Binary Distributions

There are pre-built binaries available for ELLCC for Mac OS X, Windows, and various Linux platforms. You can find them at or It’s pretty easy to download and try ELLCC. You don’t have to have any special privileges. Just download the tarball, extract it anywhere (e.g. your home directory) and either put the ~/ellcc/bin directory in your PATH or run ecc with a full path name. You can use the -target option to select the processor

~/ellcc/bin/ecc -target arm-linux-engeabihf hello.c

or you can make a symbolic link like

ln -s ecc arm-linux-engeabihf-ecc

to avoid having to specify the “-target” explicitly.

Source Distribution

ELLCC is also available as a source distribution. Here are step by step instructions that describe how to build ELLCC under Linux.

It takes a while to build ELLCC. It helps to have a system with at least 3GB of RAM to speed up the LLVM build.


An ELLCC build requires the following packages to be installed:

  • A C/C++ compiler
  • Subversion
  • Python

Get the ELLCC Sources

This will take a while since it gets all of LLVM, Clang, binutils, GDB, and QEMU.
You can use the command

[~] main% svn co ellcc

to get the sources of the latest ELLCC release. The advantage of using the latest release sources is that they have been used to compile themselves and to cross compile themselves for all the supported hosts.
If you are interested in the latest ELLCC sources which may not have been as extensively tested, you can use the command

[~] main% svn co ellcc

Building ELLCC

The ELLCC build script will attempt to bootstrap ELLCC so that it can compile itself. If you haven’t installed ELLCC before, the first thing that will happen is that a build will be done using gcc. That compiler will be used to build the GNU tools and the ELLCC standard libraries. After that, everything will be rebuilt using the ELLCC.

[~] main% cd ellcc
[~/ellcc] main% make
[~/ellcc] main%

At this point you may be prompted to re-run make to complete the bootstrap process.

If everything has been successful up to this point, you have built ecc, binutils, GDB, QEMU, and libraries for all targets. All the binaries created by the build are in the bin subdirectory of the build directory, i.e. in ~/ellcc/bin in my example. The bin directory should look something like this:

[~/ellcc] main% ls bin
aarch64-elf-as*  linker-script-test*  nios2-elf-as*
arm-elf-as*      llc*                 not*
bugpoint*        lld*                 obj2yaml*
c-index-test*    lli*                 opt*
clang-check*     lli-child-target*    ppc64-elf-as*
clang-format*    llvm-ar*             ppc-elf-as*
clang-tblgen*    llvm-as*             qemu-arm*
count*           llvm-bcanalyzer*     qemu-armeb*
ecc*             llvm-config*         qemu-i386*
ecc++@           llvm-cov*            qemu-microblaze*
ecc-addr2line*   llvm-diff*           qemu-mips*
ecc-ar*          llvm-dis*            qemu-mipsel*
ecc-as*          llvm-dwarfdump*      qemu-ppc*
ecc-c++filt*     llvm-extract*        qemu-ppc64*
ecc-elfedit*     llvm-link*           qemu-ppc64abi32*
ecc-embedspu*    llvm-mc*             qemu-sparc*
ecc-gcore*       llvm-mcmarkup*       qemu-system-arm*
ecc-gdb*         llvm-nm*             qemu-system-i386*
ecc-gprof*       llvm-objdump*        qemu-system-microblaze*
ecc-ld*          llvm-profdata*       qemu-system-mips*
ecc-ld.bfd*      llvm-ranlib@         qemu-system-mipsel*
ecc-lit*         llvm-readobj*        qemu-system-ppc*
ecc-nm*          llvm-rtdyld*         qemu-system-ppc64*
ecc-objcopy*     llvm-size*           qemu-system-sparc*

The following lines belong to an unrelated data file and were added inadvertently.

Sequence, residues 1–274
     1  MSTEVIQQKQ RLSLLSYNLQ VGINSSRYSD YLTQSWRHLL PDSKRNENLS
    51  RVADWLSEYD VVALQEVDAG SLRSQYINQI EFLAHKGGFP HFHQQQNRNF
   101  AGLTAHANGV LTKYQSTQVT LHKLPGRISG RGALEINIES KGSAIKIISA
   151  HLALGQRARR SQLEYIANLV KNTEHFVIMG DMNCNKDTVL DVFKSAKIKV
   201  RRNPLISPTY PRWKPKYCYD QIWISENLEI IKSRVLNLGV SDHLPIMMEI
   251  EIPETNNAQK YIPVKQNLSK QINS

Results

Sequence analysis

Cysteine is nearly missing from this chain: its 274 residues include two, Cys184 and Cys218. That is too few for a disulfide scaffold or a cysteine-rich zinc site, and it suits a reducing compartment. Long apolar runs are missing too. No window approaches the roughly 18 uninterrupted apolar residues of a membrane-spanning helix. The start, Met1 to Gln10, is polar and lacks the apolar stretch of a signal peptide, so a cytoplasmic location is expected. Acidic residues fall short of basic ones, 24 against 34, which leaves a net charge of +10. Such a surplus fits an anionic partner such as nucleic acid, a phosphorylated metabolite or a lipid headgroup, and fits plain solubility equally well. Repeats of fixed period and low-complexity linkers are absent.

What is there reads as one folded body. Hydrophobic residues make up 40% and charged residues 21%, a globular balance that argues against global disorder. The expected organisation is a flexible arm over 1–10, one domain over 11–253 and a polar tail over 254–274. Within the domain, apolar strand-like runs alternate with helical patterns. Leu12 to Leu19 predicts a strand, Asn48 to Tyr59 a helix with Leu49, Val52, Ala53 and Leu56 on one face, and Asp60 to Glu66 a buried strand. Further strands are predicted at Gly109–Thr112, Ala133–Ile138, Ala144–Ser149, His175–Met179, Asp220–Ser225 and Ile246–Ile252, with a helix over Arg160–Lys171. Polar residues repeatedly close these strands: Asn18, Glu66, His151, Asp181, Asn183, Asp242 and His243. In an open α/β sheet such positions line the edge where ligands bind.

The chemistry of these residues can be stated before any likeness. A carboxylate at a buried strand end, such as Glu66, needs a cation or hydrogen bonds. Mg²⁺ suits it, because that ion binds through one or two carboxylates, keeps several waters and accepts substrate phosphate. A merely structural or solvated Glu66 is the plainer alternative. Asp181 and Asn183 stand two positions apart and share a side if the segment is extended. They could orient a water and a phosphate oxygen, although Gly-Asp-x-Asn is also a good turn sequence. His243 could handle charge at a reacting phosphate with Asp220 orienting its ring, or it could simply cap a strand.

ecc-objdump*     llvm-stress*         qemu-system-x86_64*
ecc-ranlib*      llvm-symbolizer*     qemu-x86_64*
ecc-readelf*     llvm-tblgen*         sparc-elf-as*
ecc-size*        llvm-vtabledump*     verify-uselistorder*
ecc-strings*     macho-dump*          x86_64-elf-as*
ecc-strip*       microblaze-elf-as*   yaml2obj*
FileCheck*       mips-elf-as*
i386-elf-as*     ncurses5-config*

You may want to put the bin directory in your PATH, but it is not required at this point. ecc and ecc++ are the C and C++ compilers: By default, they use the system header files in /usr/include and use the system cc and c++ libraries to do the final program link. This means you can use ecc and ecc++ to compile programs that run natively on your system.

Note that the important files in the bin directory for using ELLCC to write applications for a target are ecc* and *-as.

The other important directories which are populated during the build process are

  • libecc/include
  • libecc/lib

These directories contain the ELLCC include files, run-time libraries, and linker command scripts respectively. Note that ELLCC relies on the fact that its bin directory and libecc directory are next to each other. The ecc binary finds its include files and libraries in libecc by using its location and going to ../libecc.
You can use the newly built tools to compile programs on your build host for any of the available targets. See Using ELLCC for more information.

A Quick Sanity Check

Change in to the ~/ellcc/test directory:
[~/ellcc/test] main% make check
[~/ellcc] main%

This will run a series of regression tests on the newly built compiler.

Building ELLCC for Another Build Host

Building ELLCC to run on another build host is easy. This will build ELLCC executables that will run on the specified host. For example, to build for an ARM build host you specify a build configuration:
[~] main% cd ellcc
[~/ellcc] main% ./build arm-linux-engeabi
[~/ellcc] main%

This will build ARM executables and populate the bin-arm-linux directory. The libecc directory is the same because the include and lib directories have already been populated during the main build.
Available build configurations are listed on Using ELLCC. In addition, there is a special configuration to build cross tools that run on Windows. If you have mingw-w64 installed, you can build for Windows with the command

[~/ellcc] main% ./build -m